'Collapse' in home-ownership among young adults on middle incomes, study finds

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Research into the phenomenon indicates that in 1995-96, 65% of young people owned their own home compared to just 27% in 2015-16.

The rate of homeownership among young, middle-income adults in Britain has more than halved over the last 20 years, according to research that highlights growing generational strains in British society.

'Home ownership among young adults has collapsed over the past 20 years, particularly for those on middle incomes.

And at 27 per cent, the home ownership rate of middle-income young adults in Britain is now closer to those with low incomes than it is to those on high incomes.

The report found average house prices were a staggering 152 per cent higher in 2015/16 than they were 20 years earlier after adjusting for inflation.

Millennials are struggling to get onto the housing ladder and are much less likely to become homeowners than their counterparts two decades ago.

Only a quarter of young people with middle incomes now own a home in the United Kingdom, down from two thirds 20 years ago, a new report reveals.

The plunge in homeownership is primarily due to a rapid rise in property prices relative to incomes, the IFS said, making buying a home more inaccessible to young adults than it was in the past.

- Young adults from more disadvantaged backgrounds are less likely to own their home, even after controlling for the kind of job they have and other characteristics.

Christopher Furlong via Getty Images                   Labour's John Healey has said the report is a'wake up call for the government
Christopher Furlong via Getty Images Labour's John Healey has said the report is a'wake up call for the government

The average (mean) United Kingdom house price was 152% higher (2 ½ times as high) in 2015-16 than in 1995-96 after adjusting for inflation, but the average (mean) after-tax family income of 25 to 34 year olds grew by only 22% in real terms over those 20 years.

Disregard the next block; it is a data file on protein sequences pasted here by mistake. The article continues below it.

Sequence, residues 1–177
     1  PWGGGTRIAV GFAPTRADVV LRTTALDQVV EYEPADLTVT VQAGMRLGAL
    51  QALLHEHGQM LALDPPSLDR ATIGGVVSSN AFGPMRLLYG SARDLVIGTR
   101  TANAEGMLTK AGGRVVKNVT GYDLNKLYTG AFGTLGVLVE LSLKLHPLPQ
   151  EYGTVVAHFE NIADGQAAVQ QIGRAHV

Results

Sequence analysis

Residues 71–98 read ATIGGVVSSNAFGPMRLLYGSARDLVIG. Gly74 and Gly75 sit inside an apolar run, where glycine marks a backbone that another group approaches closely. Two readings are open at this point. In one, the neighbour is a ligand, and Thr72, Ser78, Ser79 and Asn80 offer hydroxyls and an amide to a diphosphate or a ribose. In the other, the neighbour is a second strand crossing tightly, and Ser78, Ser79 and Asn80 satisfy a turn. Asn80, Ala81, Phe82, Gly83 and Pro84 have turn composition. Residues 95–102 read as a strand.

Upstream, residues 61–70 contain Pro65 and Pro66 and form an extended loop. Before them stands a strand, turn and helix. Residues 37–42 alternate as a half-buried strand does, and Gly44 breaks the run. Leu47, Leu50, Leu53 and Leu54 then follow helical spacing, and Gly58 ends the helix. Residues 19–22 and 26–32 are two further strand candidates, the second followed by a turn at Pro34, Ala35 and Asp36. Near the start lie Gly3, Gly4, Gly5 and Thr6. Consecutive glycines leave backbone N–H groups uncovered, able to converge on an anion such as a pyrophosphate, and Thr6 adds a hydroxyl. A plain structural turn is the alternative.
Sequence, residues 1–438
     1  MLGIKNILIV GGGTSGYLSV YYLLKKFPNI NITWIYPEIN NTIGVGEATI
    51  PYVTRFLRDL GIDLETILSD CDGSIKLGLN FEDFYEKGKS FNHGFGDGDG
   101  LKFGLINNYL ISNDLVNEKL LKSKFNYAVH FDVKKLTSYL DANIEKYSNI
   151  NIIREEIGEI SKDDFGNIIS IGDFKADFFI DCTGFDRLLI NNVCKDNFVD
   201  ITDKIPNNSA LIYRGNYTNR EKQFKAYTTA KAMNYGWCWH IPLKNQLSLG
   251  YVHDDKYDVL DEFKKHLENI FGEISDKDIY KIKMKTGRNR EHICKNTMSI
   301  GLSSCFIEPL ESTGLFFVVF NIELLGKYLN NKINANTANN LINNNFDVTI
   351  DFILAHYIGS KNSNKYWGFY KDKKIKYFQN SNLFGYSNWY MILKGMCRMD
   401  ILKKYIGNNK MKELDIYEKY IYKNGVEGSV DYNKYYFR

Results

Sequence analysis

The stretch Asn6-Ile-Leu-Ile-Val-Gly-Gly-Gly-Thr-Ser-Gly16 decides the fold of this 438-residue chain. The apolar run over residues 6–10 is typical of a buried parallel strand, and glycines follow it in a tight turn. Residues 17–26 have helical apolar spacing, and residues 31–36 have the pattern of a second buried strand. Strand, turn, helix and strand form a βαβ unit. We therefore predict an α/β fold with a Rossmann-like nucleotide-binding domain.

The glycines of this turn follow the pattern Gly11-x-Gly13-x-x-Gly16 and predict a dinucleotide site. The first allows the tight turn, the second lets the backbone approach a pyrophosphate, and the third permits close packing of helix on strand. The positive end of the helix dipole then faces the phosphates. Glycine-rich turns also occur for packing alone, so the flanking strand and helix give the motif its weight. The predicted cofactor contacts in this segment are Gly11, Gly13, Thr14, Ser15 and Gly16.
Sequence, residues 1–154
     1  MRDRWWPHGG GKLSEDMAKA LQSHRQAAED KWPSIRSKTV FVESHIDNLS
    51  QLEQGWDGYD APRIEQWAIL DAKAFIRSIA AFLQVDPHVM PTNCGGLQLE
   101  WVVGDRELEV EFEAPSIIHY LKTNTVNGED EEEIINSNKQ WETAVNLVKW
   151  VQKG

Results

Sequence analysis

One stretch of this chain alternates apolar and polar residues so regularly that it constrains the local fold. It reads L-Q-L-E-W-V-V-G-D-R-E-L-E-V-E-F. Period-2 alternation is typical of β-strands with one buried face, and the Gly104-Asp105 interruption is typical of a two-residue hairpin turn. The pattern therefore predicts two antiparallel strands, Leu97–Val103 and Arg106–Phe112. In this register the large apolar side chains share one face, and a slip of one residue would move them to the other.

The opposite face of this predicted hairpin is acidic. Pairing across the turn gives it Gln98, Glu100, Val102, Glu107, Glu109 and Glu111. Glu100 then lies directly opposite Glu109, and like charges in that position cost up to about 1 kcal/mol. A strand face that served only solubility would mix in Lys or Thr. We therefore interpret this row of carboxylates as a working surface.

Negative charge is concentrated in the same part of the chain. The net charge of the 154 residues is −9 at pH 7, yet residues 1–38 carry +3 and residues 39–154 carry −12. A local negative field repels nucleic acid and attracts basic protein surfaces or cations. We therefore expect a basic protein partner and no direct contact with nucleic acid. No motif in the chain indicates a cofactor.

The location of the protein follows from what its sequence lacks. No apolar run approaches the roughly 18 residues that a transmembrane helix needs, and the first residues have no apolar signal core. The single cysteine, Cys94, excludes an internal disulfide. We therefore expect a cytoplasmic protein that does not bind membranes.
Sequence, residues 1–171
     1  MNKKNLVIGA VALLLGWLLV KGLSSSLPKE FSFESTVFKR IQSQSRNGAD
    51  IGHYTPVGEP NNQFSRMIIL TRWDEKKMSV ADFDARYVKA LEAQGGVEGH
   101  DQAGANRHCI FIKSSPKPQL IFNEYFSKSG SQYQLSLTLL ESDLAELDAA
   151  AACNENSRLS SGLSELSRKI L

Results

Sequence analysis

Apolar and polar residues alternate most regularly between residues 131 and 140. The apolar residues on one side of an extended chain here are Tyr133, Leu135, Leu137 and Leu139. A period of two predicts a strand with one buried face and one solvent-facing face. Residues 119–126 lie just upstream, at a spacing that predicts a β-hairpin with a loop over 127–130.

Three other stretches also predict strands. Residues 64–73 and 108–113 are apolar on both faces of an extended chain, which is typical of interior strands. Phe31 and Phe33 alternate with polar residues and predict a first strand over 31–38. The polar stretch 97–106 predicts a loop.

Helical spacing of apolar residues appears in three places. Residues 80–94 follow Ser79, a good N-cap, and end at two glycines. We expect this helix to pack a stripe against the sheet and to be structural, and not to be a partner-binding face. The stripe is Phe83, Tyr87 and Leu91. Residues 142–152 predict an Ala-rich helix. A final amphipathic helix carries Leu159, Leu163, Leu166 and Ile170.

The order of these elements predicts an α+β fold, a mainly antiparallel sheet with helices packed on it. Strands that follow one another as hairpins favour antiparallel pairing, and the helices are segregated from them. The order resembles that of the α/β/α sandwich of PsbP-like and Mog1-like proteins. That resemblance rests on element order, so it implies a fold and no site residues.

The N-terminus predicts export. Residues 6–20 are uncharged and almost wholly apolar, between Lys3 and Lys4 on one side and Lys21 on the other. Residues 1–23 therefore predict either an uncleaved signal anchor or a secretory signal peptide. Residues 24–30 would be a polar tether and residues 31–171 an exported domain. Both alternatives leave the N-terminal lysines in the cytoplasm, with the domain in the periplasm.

The average cost of a home across the country was £227,000 in December, which is £12,000 more than at the same point a year earlier.

Local newspapers accused the explosion in house prices of having "robbed" the younger generation of the ability to buy their homes.

IFS senior research fellow Andrew Hood said: "For those on middle incomes, their chances of owning their own home have fallen from 2 in 3 in the mid-1990s to just 1 in 4 today".

But Labour's Shadow Housing Secretary John Healey blasted the Government's response.

- The key reason for the decline is the sharp rise in house prices relative to incomes.

Housing minister Dominic Raab MP also told media: 'Through schemes like Help to Buy, we're helping more people on to the housing ladder and previous year saw the highest number of first-time buyers in the United Kingdom since 2006. "After nearly eight years of failure on housing, the government is still failing to tackle the fundamental problems with our broken housing market", he said.

Over the past two decades average house prices have grown around seven times faster than the average incomes of young adults.

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